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UK watchdog clarifies post-Brexit conditions for share trading licences

By Huw Jones

LONDON – Britain’s financial watchdog set out plans on Thursday to clarify which operators must be licensed to trade stocks and bonds in its latest post-Brexit move to keep London’s capital market competitive.

Britain’s new Prime Minister Liz Truss has promised to “unshackle” the City of London from European Union rules to boost its global competitiveness, with further details due on Friday.

“Following the UK’s withdrawal from the EU, we are now able to consider approaches which are better tailored to the UK market,” the Financial Conduct Authority said in a consultation paper on Thursday.

The watchdog said it won’t change the legal perimeter which determines mandatory licensing for trading venues, but is clarifying where that border lies.

Trading technology has advanced rapidly to include multi-lateral systems, which link banks, brokers and asset managers.

“Principally, we are concerned that some firms may be providing arrangements which constitute a multilateral system without being authorised and regulated as a trading venue,” the FCA said.

This could leave investors without protection and give some market participants an unfair advantage over licensed players, who face higher regulatory costs, the FCA said.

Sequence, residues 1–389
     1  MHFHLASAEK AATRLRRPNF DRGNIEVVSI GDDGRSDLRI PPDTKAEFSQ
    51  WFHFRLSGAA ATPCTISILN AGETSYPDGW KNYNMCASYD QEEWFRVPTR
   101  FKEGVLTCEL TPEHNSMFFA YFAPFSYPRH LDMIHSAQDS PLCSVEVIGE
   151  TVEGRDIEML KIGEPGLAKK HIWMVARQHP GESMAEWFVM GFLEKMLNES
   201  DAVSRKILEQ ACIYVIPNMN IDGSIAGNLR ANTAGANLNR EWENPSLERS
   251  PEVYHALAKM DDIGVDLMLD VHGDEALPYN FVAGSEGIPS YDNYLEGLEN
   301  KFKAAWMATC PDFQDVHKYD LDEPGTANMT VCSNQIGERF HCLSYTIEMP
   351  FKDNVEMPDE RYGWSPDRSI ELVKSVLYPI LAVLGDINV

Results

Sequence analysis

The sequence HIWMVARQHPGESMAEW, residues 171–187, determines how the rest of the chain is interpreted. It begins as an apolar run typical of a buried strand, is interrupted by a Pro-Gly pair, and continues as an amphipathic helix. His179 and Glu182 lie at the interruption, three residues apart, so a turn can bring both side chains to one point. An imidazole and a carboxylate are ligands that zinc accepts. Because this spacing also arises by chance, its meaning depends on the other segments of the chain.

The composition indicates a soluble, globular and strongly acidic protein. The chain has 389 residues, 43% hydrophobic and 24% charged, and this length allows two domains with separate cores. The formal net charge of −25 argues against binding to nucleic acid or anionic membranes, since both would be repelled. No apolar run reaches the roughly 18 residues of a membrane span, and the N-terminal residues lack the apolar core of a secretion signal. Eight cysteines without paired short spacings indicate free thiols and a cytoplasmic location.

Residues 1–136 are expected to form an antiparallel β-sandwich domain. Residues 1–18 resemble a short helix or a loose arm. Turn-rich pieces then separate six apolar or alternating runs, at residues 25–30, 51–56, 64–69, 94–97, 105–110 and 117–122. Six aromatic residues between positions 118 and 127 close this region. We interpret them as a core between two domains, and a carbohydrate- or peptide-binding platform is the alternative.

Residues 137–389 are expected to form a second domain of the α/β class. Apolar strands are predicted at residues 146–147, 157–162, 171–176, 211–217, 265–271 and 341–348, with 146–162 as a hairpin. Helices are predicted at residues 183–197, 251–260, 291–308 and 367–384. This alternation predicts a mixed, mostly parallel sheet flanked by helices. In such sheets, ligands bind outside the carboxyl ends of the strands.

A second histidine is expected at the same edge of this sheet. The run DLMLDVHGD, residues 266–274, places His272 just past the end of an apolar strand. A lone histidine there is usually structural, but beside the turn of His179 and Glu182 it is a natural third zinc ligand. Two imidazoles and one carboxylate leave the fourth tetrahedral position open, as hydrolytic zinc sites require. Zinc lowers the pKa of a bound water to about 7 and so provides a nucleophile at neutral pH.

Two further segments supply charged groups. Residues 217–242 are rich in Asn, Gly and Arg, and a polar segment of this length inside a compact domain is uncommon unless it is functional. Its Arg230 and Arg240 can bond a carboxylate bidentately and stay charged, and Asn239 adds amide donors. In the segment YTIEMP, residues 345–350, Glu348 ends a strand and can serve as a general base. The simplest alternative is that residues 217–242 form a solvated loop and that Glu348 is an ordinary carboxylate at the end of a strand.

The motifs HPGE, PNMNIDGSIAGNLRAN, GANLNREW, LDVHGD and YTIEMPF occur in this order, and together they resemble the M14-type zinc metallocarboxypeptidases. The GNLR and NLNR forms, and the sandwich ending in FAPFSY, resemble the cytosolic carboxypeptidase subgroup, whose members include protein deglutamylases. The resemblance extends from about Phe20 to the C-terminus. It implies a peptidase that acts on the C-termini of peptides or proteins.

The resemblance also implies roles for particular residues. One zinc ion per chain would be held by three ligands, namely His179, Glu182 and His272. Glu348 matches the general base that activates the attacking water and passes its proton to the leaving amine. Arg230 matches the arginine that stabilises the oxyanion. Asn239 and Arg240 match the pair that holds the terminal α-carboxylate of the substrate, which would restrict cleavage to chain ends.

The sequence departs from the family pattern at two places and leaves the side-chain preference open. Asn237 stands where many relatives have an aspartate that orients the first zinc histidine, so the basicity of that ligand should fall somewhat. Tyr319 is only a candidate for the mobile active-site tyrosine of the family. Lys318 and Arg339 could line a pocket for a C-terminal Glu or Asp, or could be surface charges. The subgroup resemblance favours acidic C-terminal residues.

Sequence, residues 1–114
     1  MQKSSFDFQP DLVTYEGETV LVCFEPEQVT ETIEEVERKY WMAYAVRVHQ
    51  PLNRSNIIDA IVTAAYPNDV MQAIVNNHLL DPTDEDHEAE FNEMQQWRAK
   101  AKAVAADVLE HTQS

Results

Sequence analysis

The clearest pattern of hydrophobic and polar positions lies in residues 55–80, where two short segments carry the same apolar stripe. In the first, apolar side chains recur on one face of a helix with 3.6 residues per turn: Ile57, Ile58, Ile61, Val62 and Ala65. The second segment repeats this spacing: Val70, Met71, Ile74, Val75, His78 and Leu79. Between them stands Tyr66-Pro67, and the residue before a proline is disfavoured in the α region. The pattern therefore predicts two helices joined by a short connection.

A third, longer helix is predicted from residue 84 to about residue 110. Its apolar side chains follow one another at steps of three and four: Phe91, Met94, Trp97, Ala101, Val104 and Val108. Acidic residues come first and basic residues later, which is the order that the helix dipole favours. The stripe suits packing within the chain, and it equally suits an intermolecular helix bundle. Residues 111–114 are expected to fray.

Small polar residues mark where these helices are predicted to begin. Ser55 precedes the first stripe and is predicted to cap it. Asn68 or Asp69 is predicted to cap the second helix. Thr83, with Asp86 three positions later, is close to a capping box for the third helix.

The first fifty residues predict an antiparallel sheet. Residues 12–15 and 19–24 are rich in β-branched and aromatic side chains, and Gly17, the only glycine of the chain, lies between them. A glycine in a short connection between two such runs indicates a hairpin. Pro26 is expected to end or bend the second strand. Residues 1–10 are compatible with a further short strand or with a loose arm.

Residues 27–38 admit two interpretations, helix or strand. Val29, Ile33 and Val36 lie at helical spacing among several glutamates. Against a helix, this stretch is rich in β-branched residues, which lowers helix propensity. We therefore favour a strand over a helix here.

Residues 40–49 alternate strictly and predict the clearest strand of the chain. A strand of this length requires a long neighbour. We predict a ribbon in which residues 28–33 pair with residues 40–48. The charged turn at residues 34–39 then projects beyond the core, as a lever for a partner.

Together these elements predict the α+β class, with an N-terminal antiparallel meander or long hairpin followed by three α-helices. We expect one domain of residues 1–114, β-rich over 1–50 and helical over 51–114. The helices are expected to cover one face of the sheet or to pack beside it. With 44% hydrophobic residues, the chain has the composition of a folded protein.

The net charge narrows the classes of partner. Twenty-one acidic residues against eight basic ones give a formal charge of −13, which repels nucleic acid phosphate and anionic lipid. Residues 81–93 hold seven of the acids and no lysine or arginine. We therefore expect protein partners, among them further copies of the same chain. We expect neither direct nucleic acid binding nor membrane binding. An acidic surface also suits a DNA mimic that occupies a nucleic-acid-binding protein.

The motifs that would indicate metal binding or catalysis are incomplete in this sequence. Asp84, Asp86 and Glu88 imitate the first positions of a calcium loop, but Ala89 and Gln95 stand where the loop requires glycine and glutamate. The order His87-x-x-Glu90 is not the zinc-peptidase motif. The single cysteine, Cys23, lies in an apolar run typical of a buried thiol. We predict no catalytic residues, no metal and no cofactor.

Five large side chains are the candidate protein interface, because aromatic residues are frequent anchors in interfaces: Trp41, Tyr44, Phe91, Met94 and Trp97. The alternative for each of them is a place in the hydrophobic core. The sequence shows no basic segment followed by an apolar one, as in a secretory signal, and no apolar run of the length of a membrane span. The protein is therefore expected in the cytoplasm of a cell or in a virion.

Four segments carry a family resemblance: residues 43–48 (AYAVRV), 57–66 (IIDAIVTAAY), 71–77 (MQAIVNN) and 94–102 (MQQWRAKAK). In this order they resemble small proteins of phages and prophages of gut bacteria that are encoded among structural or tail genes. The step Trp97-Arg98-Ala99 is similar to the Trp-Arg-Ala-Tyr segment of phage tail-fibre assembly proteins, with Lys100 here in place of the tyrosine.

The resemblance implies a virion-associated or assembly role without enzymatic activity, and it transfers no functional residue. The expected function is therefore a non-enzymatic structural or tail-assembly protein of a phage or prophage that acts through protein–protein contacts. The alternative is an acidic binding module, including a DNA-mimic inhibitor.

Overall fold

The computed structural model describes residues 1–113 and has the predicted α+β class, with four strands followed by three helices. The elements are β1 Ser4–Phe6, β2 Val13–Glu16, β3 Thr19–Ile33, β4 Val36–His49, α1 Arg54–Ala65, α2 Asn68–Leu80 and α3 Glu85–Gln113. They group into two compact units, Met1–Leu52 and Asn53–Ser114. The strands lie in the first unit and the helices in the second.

In its paper, the watchdog said a multilateral trading platform which requires a licence comprises multiple third-party buying and selling trading interests in financial instruments, such as stocks and bonds.

Bulletin boards would not be included, nor standalone chat rooms unless part of a multilateral platform.

“In our view, arranging trades over the telephone is not a sufficient condition for a firm to seek authorisation as a trading venue,” the FCA added.

Britain’s finance ministry said last year that market participants can only compete properly if they have certainty about their own regulatory status and that of rivals.

More guidance on the licensing perimeter would reduce risks for firms and ensure there is confidence in Britain’s rules, the ministry said.

The FCA aims to finalise the guidance in the second quarter of 2023.

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